Tuesday, October 31, 2006
Remediation and Vision
Um, no. That's the part that's working. What it should suggest is that we change how we do remediation for the younger students.
In my faculty days, I always liked having a cluster of older students in any given class. (Every semester I volunteered to do a night class, specifically to get some adult students.) They might or might not get the best grades, but they always had the most focus. College can be a 'default' choice for an 18 year old; it's a conscious choice for a 28 year old. For those who just slogged their way through high school and are coming to college only grudgingly, all the old self-defeating behaviors are still there. Usually, if somebody in her thirties or forties comes back to school, she's on a mission. There may be some academic rustiness and some odd gaps in preparation, but the drive is there. As any teacher can tell you, drive means a lot.
To be fair, a need for remediation can suggest different things at different ages. An 18 year old who needs basic math somehow managed to dodge learning math in high school. (In my area, at least, the high schools are generally good enough that it's safe to assume the kid had a shot in the first place. I'll admit upfront that this is not universally true.) A 38 year old who needs basic math may well once have been able to pass it, but has lost the techniques to the sands of time. (I passed calculus in college, but have long since forgotten how to do a derivative.) There's a difference between 'reminding' and 'introducing.' When remediation involves revisiting past successes, rather than rubbing noses in past failures, it shouldn't be surprising that it works better.
(For purposes of this entry, I'm not defining 'ESL' as remediation. ESL is a different issue.)
How do you inspire 'drive' in 18 year olds who just escaped high school, for whom college is just a more appealing alternative to slinging burgers? Or do you?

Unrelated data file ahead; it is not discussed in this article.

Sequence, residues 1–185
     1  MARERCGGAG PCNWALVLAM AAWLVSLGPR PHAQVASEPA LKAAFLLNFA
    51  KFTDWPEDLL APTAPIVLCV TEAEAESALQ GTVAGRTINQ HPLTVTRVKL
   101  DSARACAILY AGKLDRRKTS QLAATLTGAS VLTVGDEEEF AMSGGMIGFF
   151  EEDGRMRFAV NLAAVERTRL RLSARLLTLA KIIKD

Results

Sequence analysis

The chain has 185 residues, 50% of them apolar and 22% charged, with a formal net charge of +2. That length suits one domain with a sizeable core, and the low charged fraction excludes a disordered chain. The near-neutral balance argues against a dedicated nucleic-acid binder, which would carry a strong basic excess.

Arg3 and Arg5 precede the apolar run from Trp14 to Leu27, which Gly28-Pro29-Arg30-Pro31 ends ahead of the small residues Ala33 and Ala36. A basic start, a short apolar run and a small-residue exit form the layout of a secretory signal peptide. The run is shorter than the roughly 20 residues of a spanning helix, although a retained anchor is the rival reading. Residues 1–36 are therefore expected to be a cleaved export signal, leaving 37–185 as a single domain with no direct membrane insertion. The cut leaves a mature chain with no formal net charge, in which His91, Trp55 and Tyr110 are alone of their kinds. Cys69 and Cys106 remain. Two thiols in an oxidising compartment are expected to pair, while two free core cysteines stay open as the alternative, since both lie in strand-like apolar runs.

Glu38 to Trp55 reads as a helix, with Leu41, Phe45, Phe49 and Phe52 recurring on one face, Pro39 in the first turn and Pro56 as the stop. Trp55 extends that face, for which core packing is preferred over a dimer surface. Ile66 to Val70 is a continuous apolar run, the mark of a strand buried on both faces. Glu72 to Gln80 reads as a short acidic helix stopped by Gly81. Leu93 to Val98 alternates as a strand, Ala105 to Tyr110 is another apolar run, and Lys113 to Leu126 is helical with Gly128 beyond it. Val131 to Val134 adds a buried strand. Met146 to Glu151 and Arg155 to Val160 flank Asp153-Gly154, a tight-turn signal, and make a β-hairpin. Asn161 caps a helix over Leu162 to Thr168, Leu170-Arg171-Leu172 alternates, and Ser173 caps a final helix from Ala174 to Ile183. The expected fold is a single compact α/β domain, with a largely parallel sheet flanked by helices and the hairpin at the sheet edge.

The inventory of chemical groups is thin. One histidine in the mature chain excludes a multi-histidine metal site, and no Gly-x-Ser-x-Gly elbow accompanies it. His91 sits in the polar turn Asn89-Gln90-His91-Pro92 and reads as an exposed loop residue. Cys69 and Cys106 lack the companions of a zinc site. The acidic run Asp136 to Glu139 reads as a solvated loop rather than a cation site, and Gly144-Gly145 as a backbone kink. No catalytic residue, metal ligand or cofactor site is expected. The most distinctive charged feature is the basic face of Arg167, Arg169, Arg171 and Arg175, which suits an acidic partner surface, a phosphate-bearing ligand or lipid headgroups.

I was reminded this week of just how overwhelming a 'total institution' can be. I spent about half a day in the hospital for tests that involve gazillions of wires and electrodes attached to me, monitors everywhere, etc. When they were finally detached, I couldn't get out of there fast enough. There was something terrifying about being observed that closely, monitored, judged, prodded. It was demeaning and dehumanizing and creepy. Even though I could tell myself that it was all for my own good, which was true, I still couldn't get out of there fast enough.
College doesn't usually involve that level of prodding, but it's easy to forget the feeling of being constantly judged. If your recent experience as a student in high school was usually of being judged stupid and/or lazy, and you're right back in a classroom at 18 in a course that 'doesn't count' because you aren't yet up to 'college level' work, I could see the emotional response of heading out the door at the first opportunity. (Several years ago I went back to my alma mater, Snooty Liberal Arts College, for a wedding. Just walking around campus, I felt that gut-level nervousness that I used to feel every single day for four years. Like pain, it's easy to forget, but that doesn't make it any less real.)
Although I could get drummed out of the dean's union for saying so, there are some kids, I think, for whom college is the right call at 25 but not at 18. Some kids need to get the fire in the belly, and a few years of crappy seven-bucks-an-hour jobs can light a fire in even the most determined slacker. Some will find routes to a satisfying life that don't involve college, and that's fine; others will determine that they need a degree to get where they want to go, but they have to figure that out for themselves.
I don't want to be tasked with figuring out, when they're 17, which kids are which. That's one reason I'm grateful for the open-admissions model – sometimes it's hard to tell the late bloomer from the dedicated slacker. And sometimes the shock of academic failure can serve as a needed wake-up call. Just because a kid failed a class doesn't necessarily mean that the college didn't accomplish something.
A kid who managed to get through high school on a diet of youtube and weed probably needs a wake-up call as much as, or even more than, he needs a course in basic algebra. If that wake-up call involves dealing with personal issues and bouncing around the seedier side of the economy for a few years, well, that's what a vision quest looks like these days.
How do you motivate the disaffected teenager?